Enforcement of Employee Classifications
The DOL has stepped up their enforcement of employee classification. The following are 10 great strategies to prevent or handle a wage and hour investigation.
- Avoid unfair compensation practices. Make sure employees are compensated in a consistent manner. If an employer’s pay practices are consistent, complaints are less likely to arise, and the employer will be in a better situation if the DOL does launch an investigation.
- Understand the regulations. It is important that employers take the time and make a concerted effort to understand and familiarize themselves with the FLSA. It is the law, and if employers fail to follow the law they may face litigation or a DOL audit.
- Train managers. Train managers so they are fluent in the language of the FLSA.
- Analyze state vs. federal law. Determine whether the state’s wage and hour laws conflict with federal law; then follow the law that is most beneficial to the employee.
- Pay past overtime due. If it is determined that an employee is wrongly classified as exempt, the employer should determine how many overtime hours the employee has worked in the past 2 years, then pay the employee the overtime due. The employer should also have the employee sign a release to free the employer from further liability. Paying past overtime due to employees now will be far less expensive than paying them in a DOL settlement.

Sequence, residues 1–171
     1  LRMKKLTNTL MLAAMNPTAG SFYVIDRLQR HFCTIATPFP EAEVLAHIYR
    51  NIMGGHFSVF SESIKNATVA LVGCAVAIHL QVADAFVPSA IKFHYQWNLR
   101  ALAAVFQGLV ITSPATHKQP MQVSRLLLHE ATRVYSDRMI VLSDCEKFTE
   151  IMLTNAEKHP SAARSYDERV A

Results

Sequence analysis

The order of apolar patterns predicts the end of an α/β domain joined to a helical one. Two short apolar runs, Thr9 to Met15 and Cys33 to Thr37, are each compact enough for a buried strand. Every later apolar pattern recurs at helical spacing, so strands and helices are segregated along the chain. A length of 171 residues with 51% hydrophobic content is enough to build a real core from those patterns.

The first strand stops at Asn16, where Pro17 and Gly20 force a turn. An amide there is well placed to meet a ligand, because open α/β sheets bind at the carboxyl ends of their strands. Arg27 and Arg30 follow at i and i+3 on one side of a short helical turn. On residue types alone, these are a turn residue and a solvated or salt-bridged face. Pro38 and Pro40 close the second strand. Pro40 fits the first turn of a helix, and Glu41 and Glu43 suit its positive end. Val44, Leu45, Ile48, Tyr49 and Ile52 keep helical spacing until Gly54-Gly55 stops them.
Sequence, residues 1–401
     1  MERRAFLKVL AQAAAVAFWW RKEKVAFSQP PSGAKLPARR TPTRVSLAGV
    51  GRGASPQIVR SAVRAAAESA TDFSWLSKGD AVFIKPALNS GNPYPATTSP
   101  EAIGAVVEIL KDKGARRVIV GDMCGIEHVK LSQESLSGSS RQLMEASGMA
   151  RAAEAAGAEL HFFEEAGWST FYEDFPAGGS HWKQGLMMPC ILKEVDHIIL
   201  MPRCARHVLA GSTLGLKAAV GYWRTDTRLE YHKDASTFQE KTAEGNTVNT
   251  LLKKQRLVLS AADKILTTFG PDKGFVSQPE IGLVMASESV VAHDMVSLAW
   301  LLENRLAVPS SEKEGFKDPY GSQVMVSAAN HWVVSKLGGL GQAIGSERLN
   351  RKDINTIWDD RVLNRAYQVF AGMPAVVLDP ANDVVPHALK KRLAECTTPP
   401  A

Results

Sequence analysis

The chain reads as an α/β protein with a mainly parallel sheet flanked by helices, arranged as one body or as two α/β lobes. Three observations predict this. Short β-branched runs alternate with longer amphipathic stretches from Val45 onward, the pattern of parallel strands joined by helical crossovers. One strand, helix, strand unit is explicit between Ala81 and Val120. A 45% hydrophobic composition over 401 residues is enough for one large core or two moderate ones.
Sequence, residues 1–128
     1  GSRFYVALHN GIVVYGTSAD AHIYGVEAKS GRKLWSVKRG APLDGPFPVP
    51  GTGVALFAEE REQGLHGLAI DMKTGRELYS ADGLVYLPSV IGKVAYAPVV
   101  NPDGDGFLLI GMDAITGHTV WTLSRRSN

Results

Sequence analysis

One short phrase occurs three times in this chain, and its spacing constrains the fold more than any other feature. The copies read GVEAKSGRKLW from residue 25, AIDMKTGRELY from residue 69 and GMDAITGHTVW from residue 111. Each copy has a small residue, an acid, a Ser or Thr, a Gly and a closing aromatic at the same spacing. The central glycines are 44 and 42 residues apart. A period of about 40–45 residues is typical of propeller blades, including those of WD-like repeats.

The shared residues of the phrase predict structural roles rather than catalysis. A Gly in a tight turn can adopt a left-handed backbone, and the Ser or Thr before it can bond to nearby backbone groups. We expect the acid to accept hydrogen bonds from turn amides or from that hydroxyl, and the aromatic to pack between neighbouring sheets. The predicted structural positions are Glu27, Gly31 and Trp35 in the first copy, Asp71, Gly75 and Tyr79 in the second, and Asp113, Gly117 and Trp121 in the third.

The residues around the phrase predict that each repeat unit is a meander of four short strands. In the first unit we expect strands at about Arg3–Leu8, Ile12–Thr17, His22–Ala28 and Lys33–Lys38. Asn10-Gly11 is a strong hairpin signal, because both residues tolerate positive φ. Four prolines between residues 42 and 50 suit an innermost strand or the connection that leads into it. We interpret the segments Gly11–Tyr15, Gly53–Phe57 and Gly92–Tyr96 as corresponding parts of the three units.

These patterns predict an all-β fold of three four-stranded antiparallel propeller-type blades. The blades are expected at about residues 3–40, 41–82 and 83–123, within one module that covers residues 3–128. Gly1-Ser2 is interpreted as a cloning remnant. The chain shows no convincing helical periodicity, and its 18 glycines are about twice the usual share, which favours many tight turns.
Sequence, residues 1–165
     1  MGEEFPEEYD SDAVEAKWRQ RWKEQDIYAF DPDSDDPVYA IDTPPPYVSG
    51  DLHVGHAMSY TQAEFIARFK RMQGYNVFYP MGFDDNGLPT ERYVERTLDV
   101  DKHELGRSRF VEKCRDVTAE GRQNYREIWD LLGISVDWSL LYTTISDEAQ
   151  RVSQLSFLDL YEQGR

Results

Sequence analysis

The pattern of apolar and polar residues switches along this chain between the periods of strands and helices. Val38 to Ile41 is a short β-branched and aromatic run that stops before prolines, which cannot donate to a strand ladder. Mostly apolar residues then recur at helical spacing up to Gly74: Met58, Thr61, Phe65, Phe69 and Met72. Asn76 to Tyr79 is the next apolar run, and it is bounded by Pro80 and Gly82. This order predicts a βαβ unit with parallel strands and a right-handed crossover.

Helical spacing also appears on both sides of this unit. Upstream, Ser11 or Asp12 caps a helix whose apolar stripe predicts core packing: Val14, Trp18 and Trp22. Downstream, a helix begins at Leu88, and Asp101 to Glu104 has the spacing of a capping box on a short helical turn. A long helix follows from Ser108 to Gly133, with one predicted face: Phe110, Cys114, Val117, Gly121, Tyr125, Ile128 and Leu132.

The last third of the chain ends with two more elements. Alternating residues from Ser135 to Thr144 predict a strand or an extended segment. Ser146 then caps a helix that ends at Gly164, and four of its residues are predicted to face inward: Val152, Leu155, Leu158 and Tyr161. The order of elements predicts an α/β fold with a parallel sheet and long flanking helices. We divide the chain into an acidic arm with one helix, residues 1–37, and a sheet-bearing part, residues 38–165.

- Respond to internal complaints expeditiously. If an employee files a wage and hour complaint internally, the employer should take it seriously. Since many investigations are prompted by an employee’s complaint, employers might be able to prevent an investigation by addressing an employee’s initial internal complaint. Desk audits are a great way to make sure employees are classified correctly.
- Seek compliance assistance from the DOL. Various compliance tools and information are available on DOL’s website.
- Conduct a self-audit. Employers can hire attorneys or consultants to audit their companies–or they can do it themselves before the DOL initiates an investigation. Conducting a self-audit helps ensure compliance with federal and state laws.
- Cooperate. Employers should demonstrate their willingness to cooperate with DOL investigators and to adjust their procedures and policies as necessary to avoid violations in the future.
- Keep accurate records. Employers are required to make, keep, and preserve employees’ records, including wages earned and hours worked, for a specified period of time. Although there is no particular form for the records, they must include certain identifying information about each employee and accurate data about the hours worked and wages earned.
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